Having featured an AC/DC tribute band and a Guns’N’Roses tribute band the time has come to a Judas Priest tribute band in the form of JUDAS PRIESTESS. Answers by Militia Vox = Lead Vocals + Rena Sands = Guitar. Anders Ekdahl ©2016

What is it that made you want to start a cover band?
RENA: First lets distinguish the difference between a cover band and a tribute act such as Judas Priestess. Cover bands play various songs from a mixture of bands. We as Judas Priestess are paying homage to one of our favorite metal bands by bringing a concert designed to emulate the experience of seeing a Judas Priest show live. Our fans are die hard Priest fans who get the added benefit of rocking out to their favorite Priest songs performed by some fine ass bitches!
MILITIA: Thanks, Rena! That being said, I had never considered being in a tribute band before. But when I heard about Judas Priestess forming and that they were looking for a singer, I couldn’t let some other girl get the gig!

There is no band that has a discography of great albums so how do you pick the songs you play?
MILITIA: We established a bit of a game since the original lineup of the band where, on a rotation, we each get to choose a song that we think will go over well and then try to sell the rest of the band on it! Sometimes, we take requests from fans and friends.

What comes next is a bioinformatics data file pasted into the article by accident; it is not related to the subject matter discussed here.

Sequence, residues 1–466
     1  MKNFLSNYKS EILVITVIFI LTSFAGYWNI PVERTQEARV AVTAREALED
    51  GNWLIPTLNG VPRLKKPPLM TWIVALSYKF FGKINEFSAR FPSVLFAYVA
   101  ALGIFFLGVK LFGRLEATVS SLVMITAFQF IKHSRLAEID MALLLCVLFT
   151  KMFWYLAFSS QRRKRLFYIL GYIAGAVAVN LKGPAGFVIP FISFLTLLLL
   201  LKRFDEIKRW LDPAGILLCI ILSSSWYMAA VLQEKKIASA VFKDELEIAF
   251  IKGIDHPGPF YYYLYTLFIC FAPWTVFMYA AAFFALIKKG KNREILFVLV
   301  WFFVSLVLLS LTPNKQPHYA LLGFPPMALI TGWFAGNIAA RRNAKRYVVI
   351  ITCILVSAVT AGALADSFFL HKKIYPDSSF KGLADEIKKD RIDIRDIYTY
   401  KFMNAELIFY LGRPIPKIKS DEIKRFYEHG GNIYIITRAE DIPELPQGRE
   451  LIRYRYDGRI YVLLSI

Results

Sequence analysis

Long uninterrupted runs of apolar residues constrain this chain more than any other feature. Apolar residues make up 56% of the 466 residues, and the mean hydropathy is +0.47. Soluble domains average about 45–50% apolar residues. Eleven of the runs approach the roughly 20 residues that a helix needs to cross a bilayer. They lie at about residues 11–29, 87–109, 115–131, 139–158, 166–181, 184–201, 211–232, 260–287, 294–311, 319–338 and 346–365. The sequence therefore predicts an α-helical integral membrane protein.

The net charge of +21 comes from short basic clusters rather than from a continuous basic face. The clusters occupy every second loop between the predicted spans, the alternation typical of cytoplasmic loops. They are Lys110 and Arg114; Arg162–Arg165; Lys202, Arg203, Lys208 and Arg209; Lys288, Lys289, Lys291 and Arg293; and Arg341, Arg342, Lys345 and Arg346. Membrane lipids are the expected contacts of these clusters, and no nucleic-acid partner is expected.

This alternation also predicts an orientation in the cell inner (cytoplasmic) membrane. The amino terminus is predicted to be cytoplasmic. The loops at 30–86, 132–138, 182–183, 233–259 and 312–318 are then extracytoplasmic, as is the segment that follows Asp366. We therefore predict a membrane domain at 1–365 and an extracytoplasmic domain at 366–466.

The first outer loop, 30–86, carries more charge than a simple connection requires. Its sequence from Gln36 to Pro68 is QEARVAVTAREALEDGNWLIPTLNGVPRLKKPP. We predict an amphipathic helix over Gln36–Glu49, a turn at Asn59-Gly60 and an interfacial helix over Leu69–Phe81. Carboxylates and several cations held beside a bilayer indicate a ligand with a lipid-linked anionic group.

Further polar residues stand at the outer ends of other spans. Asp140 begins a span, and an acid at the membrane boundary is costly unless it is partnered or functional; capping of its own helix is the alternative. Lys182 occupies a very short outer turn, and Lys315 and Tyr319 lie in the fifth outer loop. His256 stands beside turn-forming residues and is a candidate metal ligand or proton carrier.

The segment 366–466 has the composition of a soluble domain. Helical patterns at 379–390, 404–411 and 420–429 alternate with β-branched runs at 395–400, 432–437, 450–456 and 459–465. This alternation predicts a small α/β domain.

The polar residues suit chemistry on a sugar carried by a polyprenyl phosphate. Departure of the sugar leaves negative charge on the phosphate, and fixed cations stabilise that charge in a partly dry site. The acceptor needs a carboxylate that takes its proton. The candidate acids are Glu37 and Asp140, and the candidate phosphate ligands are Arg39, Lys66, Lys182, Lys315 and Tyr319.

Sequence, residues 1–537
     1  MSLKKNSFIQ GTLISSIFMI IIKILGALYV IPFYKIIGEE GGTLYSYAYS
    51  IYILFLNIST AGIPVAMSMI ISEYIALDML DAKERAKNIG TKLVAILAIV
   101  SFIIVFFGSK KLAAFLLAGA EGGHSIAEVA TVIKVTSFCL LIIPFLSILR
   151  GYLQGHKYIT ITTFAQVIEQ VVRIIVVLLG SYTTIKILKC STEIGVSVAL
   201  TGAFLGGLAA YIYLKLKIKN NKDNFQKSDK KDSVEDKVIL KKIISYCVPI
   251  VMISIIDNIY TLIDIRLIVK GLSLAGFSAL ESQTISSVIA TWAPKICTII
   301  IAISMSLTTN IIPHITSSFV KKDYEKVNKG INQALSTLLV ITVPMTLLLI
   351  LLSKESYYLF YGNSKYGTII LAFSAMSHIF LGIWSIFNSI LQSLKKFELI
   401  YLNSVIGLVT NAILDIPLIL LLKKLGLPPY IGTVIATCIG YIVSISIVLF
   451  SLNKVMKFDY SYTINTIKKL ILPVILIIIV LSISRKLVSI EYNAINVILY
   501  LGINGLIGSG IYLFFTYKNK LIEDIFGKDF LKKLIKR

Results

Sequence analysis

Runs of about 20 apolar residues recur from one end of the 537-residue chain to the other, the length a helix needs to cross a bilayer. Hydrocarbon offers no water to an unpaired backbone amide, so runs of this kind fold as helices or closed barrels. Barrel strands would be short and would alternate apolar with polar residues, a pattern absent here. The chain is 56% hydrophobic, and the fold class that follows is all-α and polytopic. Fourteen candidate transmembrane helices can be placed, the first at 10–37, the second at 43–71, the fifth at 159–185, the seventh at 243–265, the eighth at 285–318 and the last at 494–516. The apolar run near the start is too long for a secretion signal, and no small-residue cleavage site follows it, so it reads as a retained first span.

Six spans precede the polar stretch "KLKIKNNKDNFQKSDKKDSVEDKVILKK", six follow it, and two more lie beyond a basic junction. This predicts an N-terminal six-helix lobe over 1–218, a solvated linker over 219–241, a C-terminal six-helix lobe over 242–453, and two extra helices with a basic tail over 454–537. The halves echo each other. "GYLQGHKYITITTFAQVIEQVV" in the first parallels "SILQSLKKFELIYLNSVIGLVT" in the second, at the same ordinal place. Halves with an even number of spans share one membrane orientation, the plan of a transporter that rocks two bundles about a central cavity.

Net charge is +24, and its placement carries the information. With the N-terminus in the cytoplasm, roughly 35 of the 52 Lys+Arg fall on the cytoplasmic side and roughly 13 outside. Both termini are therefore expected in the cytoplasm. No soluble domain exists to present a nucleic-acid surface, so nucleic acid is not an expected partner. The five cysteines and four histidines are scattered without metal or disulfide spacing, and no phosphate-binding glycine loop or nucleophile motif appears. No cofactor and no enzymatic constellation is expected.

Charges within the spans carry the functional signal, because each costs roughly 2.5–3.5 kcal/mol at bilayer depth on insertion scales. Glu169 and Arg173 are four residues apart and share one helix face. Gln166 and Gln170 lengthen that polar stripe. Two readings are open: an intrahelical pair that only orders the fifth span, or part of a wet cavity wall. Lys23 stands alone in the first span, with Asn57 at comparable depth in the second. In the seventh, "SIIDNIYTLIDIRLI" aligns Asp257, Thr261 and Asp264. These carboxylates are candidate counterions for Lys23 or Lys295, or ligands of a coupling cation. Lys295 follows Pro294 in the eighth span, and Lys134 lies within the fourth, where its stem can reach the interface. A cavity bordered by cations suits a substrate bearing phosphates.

RENA: Well lucky for us, Judas Priest’s discography is filled with great albums, one of which we are about to perform in its entirety: British Steel. We will include the additional songs released on the 30th anniversary edition. Our previous set lists include the songs we feel would go over the best in a live setting. Our fans like to hear the obscure songs that Priest don’t perform often, so we constantly change the set and songs to meet the demand of our audience.

In Sweden we to got cover bands like yours too but it seems that there is a huge scene for band like yours. Why are cover bands so popular?
RENA: Cover bands are everywhere but I believe the tribute scene is big because people like to see a whole set of songs from their favorite bands. It’s a novelty and it’s fun. You know what you’re going to get and it’s also fun to reminisce and celebrate the music you grew up with. Our fans are an integral part of our show as well. We try to play a lot of smaller intimate venues so we have that up close and personal interaction with the audience, which is an experience that you won’t get seeing Priest in an arena.
MILITIA: Because, nostalgia.

How hard is it to find the right art work? What are you looking for?
MILITIA: We tend to the art work the way we tend to the music, while it’s all Priest, we always strive to give the artwork our own personal flair- whether it be logos, flyers, web designs… Our bassist Gyda Gash is phenomenal at executing this and she truly has an eye for edgy designs.
RENA: Our bass player, Gyda, designs all of our art work so it’s not hard at all. She’s an incredible artist and she keeps the Priest style in all of our branding.

Do you ever feel that you get spat on and ridiculed because you are a cover band? That you should be second rate musicians for not playing originals?
MILITIA: There are some people that have a negative mentality when it comes to tribute and cover bands. I believe it’s our job to change that attitude and I think we do a damn good job at going above and beyond what’s expected of a tribute band. We make it our own. Each of us play and have played in original projects- I’ve been in original bands since I was 19 years old. I am also a solo artist that writes, co-produces and performs my own original music.